Nonetheless given the fact that the thematic depictions are fairly well struck and in fairly good profile evidencing a relatively low level of circulatory wear and with a very nice portrait of the young emperor, this is without a doubt a well above average specimen. The obverse of the coin depicts the head of the Roman Emperor Elegabalus, depicted draped with laureate crown; and the legend “IMP ANTONINVS PIVS AVG”. “ANTONINVS”, or anglicized “Antoninus” (there was no “U” in ancient Latin, the letter “V” was used), was the emperor’s formal name, “Marcus Aurelius Antoninus”, though to history he became known simply as “Elegabalus”, after the god from whom he was a priest. The “IMP” which precedes his name is an abbreviation for “Imperator”, which was originally a title or acclamation awarded to victorious generals in the field during the Republic Period (before Julius Caesar). Throughout the history of Republican Rome, the title was bestowed upon an especially able general who had won an enormous victory. Traditionally it was the troops in the field that proclaimed a man imperator – the first step in the process of the general applying to the senate for a triumph (a ceremony both civil and religious held in Rome itself to publicly honor the general and to display/parade the glories and trophies of Roman victory).
After Augustus Octavian (Julius Caesar’s successor) had established the hereditary, one-man rule in Rome that we refer to as the Imperial Roman Empire, the title Imperator was restricted to the emperor and members of his immediate family. If a general who was not part of the imperial family was acclaimed by his troops as Imperator, it was tantamount to a declaration of rebellion or civil war against the ruling emperor. Though the title Augustus is probably the closest Latin equivalent to the English word emperor; it was eventually the term Imperator which became the root of the English word “Imperial”. “IMP” could also be used to abbreviate the term “Imperatrix”, which was the title of the wife an Imperator.
Immediately following in the inscription is the word “PIVS”, or “pius”. “Pius” (spelled pious contemporaneously, and still with the same meaning) was a title or acclamation used in conjunction with Roman Emperors to mean that they were dutiful toward the pantheon of Roman deities, to the country (patriotic), and (perhaps) to their family. The title Pius was often times used in conjunction with “Pius Felix”. Pius Felix meant quite simply fortunate, lucky, or blessed. In fact the Romans had several goddesses of good fortune including Felicitas and Fortuna, who were worshipped in various sanctuaries in Rome. Never hurts to have a leader who is both pious and lucky (blessed). In this instance Elegabalus was more pious or dutiful toward his own preferred deity, El-Gabal, rather than to the traditional Roman pantheon. Nonetheless he was still acclaimed “pius”.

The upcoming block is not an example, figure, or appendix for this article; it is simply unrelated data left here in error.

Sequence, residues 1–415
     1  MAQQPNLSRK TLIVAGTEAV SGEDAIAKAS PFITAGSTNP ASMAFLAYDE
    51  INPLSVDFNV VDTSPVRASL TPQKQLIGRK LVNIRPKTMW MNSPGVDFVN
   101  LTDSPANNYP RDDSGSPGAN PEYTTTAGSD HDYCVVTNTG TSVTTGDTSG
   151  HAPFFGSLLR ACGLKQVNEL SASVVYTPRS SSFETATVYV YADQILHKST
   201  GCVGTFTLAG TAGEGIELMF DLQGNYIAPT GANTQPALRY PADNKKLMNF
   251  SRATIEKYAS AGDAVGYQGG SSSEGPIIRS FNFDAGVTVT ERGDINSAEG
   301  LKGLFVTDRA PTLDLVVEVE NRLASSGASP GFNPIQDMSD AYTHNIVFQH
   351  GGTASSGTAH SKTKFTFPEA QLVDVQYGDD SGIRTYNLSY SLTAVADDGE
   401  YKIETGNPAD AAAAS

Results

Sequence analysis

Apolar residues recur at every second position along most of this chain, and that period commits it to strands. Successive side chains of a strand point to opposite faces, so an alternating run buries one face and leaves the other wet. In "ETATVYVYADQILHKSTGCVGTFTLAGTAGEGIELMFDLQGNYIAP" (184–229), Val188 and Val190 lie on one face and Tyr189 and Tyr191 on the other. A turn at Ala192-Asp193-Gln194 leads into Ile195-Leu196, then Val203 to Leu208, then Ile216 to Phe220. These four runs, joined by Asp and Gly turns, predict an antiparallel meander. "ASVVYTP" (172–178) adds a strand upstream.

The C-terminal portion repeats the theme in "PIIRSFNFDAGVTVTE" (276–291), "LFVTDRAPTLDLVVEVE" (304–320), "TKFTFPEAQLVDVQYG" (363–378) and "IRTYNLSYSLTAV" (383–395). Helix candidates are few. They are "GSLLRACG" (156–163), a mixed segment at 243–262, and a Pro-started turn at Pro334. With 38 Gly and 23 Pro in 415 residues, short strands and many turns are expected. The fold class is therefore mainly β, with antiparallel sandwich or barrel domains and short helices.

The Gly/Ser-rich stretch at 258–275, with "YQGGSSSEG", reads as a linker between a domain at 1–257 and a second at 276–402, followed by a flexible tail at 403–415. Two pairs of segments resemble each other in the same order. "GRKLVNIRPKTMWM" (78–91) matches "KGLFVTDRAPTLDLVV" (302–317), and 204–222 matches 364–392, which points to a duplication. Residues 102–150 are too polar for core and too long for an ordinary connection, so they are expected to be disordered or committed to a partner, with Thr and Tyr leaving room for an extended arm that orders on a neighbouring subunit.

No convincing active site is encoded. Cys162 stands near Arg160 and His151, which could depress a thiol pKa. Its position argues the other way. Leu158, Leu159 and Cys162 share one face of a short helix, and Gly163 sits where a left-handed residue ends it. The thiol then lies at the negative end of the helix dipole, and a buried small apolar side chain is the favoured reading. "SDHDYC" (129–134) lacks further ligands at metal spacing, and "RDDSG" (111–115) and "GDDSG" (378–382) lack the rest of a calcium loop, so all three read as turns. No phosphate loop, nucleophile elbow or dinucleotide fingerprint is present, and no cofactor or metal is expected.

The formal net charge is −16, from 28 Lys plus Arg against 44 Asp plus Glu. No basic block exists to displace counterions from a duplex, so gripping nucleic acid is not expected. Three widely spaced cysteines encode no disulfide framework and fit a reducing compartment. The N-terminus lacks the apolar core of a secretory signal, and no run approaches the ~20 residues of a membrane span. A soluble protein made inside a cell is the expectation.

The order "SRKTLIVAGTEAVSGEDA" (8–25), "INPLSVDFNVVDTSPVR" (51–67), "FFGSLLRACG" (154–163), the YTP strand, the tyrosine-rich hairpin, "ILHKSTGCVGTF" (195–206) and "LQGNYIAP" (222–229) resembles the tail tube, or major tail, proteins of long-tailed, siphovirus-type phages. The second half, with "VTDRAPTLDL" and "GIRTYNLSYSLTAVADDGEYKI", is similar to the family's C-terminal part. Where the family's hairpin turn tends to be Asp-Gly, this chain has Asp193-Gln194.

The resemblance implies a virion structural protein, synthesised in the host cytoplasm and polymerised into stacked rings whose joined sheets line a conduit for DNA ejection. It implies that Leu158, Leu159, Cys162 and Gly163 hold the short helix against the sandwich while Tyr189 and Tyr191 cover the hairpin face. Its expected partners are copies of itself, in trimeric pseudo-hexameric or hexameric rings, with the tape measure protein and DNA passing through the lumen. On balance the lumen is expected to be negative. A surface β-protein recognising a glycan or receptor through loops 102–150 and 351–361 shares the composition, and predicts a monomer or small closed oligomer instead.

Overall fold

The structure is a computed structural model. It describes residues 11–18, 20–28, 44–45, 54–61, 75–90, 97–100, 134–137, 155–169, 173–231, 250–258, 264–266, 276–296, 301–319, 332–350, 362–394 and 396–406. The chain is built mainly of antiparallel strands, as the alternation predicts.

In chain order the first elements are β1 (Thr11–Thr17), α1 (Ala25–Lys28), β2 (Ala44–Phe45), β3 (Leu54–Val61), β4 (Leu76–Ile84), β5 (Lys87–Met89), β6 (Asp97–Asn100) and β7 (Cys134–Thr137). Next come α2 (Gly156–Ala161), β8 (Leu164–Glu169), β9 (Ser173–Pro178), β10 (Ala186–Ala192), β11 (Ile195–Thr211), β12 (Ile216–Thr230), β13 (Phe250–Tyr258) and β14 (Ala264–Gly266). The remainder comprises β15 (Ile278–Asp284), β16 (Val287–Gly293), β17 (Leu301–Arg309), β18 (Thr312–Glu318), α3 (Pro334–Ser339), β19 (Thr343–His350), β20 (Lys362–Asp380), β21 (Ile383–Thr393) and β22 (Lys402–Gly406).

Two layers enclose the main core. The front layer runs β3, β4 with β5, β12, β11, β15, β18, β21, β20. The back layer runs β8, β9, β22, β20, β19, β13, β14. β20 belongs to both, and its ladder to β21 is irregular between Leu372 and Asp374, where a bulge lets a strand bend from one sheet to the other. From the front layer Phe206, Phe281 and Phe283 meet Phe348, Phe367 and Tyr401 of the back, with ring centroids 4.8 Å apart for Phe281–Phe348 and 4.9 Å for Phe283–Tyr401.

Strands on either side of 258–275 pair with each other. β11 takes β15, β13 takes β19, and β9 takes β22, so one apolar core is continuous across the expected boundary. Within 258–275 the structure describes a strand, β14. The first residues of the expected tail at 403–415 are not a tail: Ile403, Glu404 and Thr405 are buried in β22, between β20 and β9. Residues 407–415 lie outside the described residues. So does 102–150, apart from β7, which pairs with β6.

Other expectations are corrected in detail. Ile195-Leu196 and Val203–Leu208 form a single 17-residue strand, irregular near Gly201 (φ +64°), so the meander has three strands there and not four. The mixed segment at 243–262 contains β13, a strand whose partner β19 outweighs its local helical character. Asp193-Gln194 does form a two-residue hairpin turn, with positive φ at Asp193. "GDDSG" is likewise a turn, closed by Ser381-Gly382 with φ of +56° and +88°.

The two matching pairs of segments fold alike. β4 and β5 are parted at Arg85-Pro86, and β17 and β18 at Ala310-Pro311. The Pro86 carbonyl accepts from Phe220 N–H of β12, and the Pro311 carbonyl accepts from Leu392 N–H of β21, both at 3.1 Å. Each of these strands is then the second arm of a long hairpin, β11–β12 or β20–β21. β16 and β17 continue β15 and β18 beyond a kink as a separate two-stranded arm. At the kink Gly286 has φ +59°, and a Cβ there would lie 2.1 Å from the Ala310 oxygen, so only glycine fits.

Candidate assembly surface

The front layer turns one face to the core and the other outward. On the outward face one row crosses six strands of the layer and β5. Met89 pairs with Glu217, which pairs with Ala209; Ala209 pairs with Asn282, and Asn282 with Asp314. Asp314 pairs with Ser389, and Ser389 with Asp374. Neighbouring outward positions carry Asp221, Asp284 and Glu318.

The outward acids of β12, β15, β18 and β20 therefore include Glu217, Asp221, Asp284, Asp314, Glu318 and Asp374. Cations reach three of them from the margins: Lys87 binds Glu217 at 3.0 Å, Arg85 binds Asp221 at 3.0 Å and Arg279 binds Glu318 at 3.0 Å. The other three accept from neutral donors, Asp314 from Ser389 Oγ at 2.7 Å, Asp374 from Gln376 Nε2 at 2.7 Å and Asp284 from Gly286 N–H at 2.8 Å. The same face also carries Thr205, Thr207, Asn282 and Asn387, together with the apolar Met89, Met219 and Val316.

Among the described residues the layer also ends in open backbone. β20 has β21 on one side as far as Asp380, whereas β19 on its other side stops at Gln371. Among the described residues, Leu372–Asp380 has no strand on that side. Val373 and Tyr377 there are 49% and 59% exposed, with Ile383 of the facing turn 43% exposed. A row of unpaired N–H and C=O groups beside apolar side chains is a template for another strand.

The suffix “AVG” was an abbreviation for Augustus (again, there was no “u” in ancient Latin, the letter “v” was used). The term “Augustus” is Latin for “majestic” (thus the honorific salutation “your majesty”). However the term “Augustus” in the common vernacular of the Roman Empire became synonymous with the Emperor. The first "Augustus" (and first man counted as a Roman Emperor) was Octavius, Julis Caesar’s nephew and heir. Octavian was given the title of Augustus by the Senate in 27 B.C. Over the next forty years, Caesar Augustus literally set the standard by which subsequent Emperors would be recognized, accumulating various offices and powers and making his own name ("Augustus") identifiable with the consolidation of these powers under a single person. Although the name signified nothing in constitutional theory, it was recognized as representing all the powers that Caesar Augustus eventually accumulated.
Caesar Augustus also set the standard by which Roman Emperors were named. The three titles used by the majority of Roman Emperors; “Imperator”, “Caesar”, and “Augustus” were all used personally by Caesar Augustus (he officially styled himself "Imperator Caesar Augustus"). However of the name "Augustus" was unique to the Emperor himself (though the Emperor's mother or wife could bear the name "Augusta"). But others could and did bear the titles "Imperator" and "Caesar". Later usage saw the Emperor adding the additional titles “Pius Felix (“pious and blessed”) and “Invictus” (“unconquered”) in addition to the title “Augustus”). In this usage, by signifying the complete assumption of all Imperial powers, "Augustus" became roughly synonymous with “Emperor” in modern language. As the Roman Empire began splintering, Augustus came to be the title applied to the senior Emperor, while the title “Caesar” came to refer to his “junior” sub-Emperors.